Animal manure is a valuable soil amendment for home gardens. It not only supplies primary nutrients (nitrogen, phosphorus and potassium) and micronutrients for plant growth, but also is a source of organic matter. Increasing soil organic matter improves soil structure, increases the water holding capacity of sandy soils, improves drainage in clay soils, provides a source of slow release nutrients, and promotes growth of beneficial soil organisms. These manures used as fertilizers are typically from herbivores (i.e. plant-eating animals), such as cows, sheep, chickens, etc. (Never use cat, dog or pig manure in vegetable gardens or compost piles.)
The nitrogen in manure is not available all at once to growing plants as much of it may be tied up in organic forms. Organic nitrogen becomes available to plants only after soil microorganisms decompose the organic compounds, converting the released N to NH4, which occurs over a period of years. The actual amount of this conversion varies considerably depending on the animal it came from, any bedding materials with it, temperature, moisture content, and handling. In general, about 30% to 50% of the organic nitrogen becomes available the first year, and the amount gradually decreases thereafter.
Fresh manure typically has high amounts of ammonium or soluble nitrogen. This results in a higher available nitrogen content compared to composted manure. Poultry manure is particularly high in ammonia and readily burns if over-applied. Because of the high amounts of ammonia-nitrogen in fresh manure, it should be incorporated 6 to 8 inches within 12 hours after application. Without incorporation much of the soluble nitrogen will be lost to the atmosphere as ammonia. If the manure is mixed in with bedding or litter this will dilute the nutrient content. If there are large amounts of straw or sawdust, nitrogen availability to plants may be lowered by increasing the C/N ratio. High carbon relative to nitrogen (greater than 25 /1) will tie up nitrogen.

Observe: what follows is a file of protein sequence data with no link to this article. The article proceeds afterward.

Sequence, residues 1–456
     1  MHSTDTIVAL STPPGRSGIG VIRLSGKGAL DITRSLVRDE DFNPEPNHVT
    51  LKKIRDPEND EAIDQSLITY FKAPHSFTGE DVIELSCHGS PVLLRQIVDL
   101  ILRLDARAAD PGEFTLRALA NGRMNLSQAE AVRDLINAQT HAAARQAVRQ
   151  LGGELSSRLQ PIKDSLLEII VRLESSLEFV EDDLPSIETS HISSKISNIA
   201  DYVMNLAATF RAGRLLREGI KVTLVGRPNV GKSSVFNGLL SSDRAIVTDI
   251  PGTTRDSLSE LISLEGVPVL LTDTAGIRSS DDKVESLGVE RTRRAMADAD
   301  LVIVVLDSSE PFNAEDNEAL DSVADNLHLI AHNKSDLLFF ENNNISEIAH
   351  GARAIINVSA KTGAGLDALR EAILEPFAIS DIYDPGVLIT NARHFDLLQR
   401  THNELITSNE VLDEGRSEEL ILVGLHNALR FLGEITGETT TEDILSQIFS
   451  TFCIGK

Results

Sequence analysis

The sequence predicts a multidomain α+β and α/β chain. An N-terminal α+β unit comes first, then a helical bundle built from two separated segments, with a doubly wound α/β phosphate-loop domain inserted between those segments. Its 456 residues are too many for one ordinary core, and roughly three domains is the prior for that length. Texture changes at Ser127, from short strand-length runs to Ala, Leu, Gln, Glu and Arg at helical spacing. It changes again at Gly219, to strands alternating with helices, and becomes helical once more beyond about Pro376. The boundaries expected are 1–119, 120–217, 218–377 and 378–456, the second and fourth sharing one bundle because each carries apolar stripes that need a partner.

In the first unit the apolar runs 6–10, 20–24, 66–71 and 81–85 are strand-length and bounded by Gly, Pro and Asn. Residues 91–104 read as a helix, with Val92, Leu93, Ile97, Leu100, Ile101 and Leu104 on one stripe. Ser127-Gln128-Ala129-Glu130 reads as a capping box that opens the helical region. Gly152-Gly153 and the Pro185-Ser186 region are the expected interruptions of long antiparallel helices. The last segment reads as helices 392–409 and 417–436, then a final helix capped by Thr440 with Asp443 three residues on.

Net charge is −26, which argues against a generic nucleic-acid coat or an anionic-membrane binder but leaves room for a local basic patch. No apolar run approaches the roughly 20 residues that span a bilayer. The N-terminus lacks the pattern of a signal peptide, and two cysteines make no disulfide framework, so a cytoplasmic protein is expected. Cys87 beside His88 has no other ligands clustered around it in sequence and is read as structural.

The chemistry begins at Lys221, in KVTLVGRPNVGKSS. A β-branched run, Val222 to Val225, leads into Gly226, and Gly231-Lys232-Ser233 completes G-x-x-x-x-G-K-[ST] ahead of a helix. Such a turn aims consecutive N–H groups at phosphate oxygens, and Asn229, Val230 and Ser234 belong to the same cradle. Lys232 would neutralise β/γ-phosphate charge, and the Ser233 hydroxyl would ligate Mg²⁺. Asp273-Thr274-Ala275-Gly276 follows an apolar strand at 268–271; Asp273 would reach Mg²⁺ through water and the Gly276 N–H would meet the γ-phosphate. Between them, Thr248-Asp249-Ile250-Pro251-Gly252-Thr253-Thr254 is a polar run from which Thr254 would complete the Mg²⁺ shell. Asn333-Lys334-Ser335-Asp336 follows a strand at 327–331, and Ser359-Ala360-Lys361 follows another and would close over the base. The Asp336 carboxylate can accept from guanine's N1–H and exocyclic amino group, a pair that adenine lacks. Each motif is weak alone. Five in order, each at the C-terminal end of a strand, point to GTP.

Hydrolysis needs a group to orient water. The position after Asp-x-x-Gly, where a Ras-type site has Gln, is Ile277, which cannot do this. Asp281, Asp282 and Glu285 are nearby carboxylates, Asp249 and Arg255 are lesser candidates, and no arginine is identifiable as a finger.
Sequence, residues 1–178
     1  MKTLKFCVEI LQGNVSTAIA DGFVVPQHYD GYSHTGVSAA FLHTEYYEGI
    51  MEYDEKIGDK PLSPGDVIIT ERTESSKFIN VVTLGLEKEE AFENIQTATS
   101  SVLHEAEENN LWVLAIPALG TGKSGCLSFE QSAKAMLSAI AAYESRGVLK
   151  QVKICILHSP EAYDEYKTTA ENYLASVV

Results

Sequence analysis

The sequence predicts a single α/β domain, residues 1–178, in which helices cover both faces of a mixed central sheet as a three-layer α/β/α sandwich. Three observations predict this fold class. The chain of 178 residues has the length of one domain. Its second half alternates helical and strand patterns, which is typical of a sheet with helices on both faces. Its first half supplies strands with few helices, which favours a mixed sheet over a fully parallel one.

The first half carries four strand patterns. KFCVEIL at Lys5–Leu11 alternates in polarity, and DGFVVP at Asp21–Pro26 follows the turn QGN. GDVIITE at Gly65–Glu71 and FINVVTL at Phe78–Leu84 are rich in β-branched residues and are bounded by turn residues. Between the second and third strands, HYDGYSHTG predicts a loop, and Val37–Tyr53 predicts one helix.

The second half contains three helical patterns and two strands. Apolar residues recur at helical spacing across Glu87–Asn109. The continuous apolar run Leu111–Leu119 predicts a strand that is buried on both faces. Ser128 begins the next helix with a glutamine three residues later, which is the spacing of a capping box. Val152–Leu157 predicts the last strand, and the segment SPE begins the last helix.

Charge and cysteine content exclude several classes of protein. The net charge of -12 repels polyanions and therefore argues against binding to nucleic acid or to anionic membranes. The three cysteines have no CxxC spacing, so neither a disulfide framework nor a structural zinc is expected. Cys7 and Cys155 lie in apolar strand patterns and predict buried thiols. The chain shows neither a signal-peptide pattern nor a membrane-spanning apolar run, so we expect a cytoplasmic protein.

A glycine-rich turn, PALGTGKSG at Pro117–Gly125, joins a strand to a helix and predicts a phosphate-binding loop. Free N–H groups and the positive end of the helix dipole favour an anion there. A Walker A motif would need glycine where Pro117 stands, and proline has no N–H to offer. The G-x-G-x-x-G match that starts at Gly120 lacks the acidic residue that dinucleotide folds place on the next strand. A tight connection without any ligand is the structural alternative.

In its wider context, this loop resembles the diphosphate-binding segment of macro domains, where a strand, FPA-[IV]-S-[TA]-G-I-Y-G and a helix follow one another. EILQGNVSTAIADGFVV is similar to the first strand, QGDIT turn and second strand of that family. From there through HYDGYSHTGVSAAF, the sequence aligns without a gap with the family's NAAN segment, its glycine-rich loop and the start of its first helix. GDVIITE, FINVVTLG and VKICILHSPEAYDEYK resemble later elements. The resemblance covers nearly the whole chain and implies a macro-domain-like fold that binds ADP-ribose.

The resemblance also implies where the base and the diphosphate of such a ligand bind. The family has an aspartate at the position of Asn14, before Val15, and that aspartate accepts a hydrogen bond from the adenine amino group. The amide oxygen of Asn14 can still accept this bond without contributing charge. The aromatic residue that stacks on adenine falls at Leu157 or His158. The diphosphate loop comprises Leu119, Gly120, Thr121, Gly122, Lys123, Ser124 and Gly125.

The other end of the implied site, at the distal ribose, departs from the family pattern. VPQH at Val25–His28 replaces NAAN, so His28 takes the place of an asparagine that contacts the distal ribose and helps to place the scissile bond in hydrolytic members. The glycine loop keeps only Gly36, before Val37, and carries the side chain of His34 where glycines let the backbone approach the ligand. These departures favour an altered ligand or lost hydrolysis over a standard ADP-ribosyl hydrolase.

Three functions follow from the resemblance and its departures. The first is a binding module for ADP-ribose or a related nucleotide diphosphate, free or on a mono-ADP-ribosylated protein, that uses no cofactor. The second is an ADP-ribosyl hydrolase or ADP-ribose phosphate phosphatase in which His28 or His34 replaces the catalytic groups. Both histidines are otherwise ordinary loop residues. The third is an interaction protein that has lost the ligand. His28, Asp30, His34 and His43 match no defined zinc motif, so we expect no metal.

Salts in fresh manure also tend to be high — especially in chicken, turkey, or other poultry manure. To avoid salt damage, wait 3 to 4 weeks after application before planting anything in the area.
Fresh manure may contain high amounts of viable weed seeds, which can lead to a weed problem. Horse manure is notorious for this, since those animals don’t digest what they eat as well as many other animals do, and seeds pass intact through a horse’s digestive system.
Because of the potential of transmitting human pathogens, such as E. coli, fresh manure should never be used on fruits and vegetables. If you are growing crops where the edible portion is in contact with the soil (such as carrots, beets, or potatoes) fresh manure applications should be made at least four months prior to harvest. On other edible crops, fresh manure applications should be made at least three months prior to harvest. With just a four month or so growing season, this means you should only apply fresh manure in the fall; not in the spring or during the growing season to any area that is or will be planted with food crops.
Composting manure eliminates some of the problems of fresh manure — including the odor. It is lighter and easier to haul since it has less moisture, and the composting process may kill weed seeds and pathogens if the pile heats above 145°F. But salts may be more concentrated and some of the nitrogen is lost, leaving the more stable organic forms. Composted manure has lower availability of nitrogen and will contribute more to the organic matter content of the soil compared to fresh manure.